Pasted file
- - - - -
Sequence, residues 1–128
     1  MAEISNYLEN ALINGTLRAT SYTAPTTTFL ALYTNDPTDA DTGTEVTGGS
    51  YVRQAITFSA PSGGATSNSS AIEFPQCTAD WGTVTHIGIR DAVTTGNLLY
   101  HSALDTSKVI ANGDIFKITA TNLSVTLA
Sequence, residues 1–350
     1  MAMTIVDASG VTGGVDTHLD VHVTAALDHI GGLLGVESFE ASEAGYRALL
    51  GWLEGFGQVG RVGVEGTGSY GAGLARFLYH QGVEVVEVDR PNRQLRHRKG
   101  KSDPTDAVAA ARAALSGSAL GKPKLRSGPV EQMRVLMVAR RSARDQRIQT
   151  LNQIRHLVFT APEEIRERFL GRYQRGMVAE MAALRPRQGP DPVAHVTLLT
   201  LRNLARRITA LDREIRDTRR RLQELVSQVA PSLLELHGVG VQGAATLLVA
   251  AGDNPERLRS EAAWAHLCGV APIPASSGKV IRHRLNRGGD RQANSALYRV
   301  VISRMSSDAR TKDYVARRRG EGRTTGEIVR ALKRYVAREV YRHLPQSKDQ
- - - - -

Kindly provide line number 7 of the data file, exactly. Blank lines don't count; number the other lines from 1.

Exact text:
    51  GWLEGFGQVG RVGVEGTGSY GAGLARFLYH QGVEVVEVDR PNRQLRHRKG